For example, the last hotel room scene is about 20 pages of dialogue. I had wrote it a few nights before and we had 1 night to shoot it. We shot the 2nd half of that scene first but that meant the sun would be coming up. We had spent 14 hours shooting the other stuff and now 1.5 hours to shoot the first 7 or 8 pages of that scene. At first we thought about how we did not have any rehearsal time but, again, we just said “fuck it” and shot. We just went with it and it turns out to be one of my favorite scenes in the movie. We were so in the moment, we had no choice but to be focused.
At the end of the day, what was the most difficult part of getting this film finished? Also, was there anything you had anticipated as being difficult going into the film but ended up not being so?
This idea of letting go. How do you step back and not be so precious about your script. Let’s just be in this spontaneous moment where we are all painting a canvas together. The challenge was to have the freedom to not have any expectations. To just go in and discover and feel. More on feeling and less on observation
Doing the blood scenes on the streets, originally we were terrified these would not work because we thought people might harass us or call the cops. Being in Bushwick and having blood gushing out of our mouths, we saw as possibly presenting a problem. Where I live in Bushwick seems shady but it actually is not at all. Shooting late night in the streets, there would be a lot of people walking around who turned out to be the sweetest people. Once I walked into a bodega to get some money from the ATM while covered in blood and it resulted in my nickname around town being “Blood Money”. There was a friendliness to the neighborhood who saw us shooting this guerilla style movie and they really dug it.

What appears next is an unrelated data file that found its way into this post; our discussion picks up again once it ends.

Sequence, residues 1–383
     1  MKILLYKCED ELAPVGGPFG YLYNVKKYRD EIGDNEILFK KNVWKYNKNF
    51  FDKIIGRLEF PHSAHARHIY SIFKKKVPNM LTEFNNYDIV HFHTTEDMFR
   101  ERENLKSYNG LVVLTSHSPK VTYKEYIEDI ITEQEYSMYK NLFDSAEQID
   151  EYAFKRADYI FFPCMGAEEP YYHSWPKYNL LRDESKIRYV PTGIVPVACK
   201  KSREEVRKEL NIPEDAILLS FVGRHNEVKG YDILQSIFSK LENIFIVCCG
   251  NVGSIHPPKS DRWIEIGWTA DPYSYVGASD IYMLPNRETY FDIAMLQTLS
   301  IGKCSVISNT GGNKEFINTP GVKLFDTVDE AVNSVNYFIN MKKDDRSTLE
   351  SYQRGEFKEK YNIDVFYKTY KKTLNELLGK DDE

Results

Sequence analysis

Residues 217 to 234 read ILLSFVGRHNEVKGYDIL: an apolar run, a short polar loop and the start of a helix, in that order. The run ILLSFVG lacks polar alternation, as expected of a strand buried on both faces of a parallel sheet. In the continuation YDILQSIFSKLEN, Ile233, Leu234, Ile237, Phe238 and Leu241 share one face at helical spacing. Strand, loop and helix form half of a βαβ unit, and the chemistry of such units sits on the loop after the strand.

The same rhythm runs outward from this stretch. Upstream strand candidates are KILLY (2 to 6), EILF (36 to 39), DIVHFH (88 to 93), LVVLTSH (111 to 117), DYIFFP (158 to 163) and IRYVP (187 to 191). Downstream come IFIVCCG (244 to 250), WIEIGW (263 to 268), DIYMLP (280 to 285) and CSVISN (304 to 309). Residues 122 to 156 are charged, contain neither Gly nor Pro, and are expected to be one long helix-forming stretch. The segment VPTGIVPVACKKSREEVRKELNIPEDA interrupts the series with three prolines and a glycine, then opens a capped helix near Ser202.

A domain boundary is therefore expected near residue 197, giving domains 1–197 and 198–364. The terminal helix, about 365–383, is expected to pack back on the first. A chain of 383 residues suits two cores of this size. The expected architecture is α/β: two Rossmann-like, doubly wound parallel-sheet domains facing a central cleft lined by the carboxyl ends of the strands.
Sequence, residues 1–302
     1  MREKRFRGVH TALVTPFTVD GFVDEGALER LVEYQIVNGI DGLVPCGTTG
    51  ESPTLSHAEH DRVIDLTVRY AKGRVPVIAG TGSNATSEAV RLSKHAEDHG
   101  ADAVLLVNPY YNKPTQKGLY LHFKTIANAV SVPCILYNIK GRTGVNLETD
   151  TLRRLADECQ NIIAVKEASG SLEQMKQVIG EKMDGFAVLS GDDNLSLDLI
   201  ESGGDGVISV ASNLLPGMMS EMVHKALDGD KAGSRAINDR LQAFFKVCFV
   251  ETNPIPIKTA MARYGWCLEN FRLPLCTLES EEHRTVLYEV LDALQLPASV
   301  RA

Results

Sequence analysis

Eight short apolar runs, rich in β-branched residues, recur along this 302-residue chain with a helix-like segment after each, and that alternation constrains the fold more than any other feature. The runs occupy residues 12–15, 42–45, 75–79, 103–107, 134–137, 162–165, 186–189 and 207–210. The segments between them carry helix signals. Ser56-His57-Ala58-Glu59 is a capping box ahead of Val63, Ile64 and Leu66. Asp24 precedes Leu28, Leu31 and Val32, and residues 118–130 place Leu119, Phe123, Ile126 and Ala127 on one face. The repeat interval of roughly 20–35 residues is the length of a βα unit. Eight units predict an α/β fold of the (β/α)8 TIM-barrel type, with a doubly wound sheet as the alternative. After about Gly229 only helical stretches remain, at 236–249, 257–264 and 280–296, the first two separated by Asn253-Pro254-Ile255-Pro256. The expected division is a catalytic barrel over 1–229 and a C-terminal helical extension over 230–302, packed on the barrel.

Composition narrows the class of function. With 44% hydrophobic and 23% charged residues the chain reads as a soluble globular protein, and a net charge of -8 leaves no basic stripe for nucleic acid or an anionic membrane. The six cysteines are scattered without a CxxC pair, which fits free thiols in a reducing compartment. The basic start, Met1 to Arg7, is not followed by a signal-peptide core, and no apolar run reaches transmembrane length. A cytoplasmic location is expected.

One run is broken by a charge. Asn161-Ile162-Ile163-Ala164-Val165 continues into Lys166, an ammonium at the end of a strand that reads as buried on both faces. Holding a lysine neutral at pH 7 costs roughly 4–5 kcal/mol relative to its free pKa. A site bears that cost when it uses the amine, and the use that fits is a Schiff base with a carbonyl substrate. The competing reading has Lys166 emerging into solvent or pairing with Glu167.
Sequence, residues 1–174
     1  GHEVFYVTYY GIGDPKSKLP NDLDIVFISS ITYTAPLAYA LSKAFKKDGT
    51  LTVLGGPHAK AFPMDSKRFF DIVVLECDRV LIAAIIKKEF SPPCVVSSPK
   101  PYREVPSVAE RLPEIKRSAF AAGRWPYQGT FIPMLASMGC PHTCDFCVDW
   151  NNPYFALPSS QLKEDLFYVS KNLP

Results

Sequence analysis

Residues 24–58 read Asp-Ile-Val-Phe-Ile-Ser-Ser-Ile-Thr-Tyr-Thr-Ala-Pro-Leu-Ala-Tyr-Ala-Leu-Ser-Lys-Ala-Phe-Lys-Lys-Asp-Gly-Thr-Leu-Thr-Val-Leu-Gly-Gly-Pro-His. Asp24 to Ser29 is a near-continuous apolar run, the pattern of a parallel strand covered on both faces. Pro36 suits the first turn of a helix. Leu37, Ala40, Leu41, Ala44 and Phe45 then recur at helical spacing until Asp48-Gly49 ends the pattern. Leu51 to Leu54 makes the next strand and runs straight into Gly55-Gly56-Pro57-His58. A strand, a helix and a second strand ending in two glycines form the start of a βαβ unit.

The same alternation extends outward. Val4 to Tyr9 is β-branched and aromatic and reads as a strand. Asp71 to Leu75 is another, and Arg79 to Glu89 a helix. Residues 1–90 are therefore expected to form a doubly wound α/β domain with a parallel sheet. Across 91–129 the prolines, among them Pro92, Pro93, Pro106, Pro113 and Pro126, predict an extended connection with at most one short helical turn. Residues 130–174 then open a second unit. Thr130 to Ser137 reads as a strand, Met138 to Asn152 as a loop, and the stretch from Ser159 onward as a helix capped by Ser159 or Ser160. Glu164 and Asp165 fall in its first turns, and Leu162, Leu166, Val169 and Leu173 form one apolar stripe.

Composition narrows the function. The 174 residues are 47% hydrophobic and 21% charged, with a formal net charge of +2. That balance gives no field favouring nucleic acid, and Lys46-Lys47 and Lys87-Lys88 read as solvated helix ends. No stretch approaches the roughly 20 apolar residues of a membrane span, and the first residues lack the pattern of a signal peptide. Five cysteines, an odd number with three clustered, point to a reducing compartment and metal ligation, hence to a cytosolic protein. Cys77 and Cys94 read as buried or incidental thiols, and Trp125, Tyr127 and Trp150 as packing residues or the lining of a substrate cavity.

About The Filmmaker
Onur Tukel is a filmmaker, writer/illustrator, and occasional actor. He co-starred in Michael Tully’s feature film, Septien, for which Tukel also created 65 pastel and ink drawings that were exhibited at the Pennington Gallery in New York in 2011. He co-starred in Alex Karpovsky’s first feature film Red Flag, and recently wrote and directed the feature film, Richard’s Wedding, which The Wall Street Journal proclaimed, “sets a new standard for laughs-per-minute in a micro-budget comedy.” Onur’s second children’s book, Rainstack!, was published by Two Lions in 2013.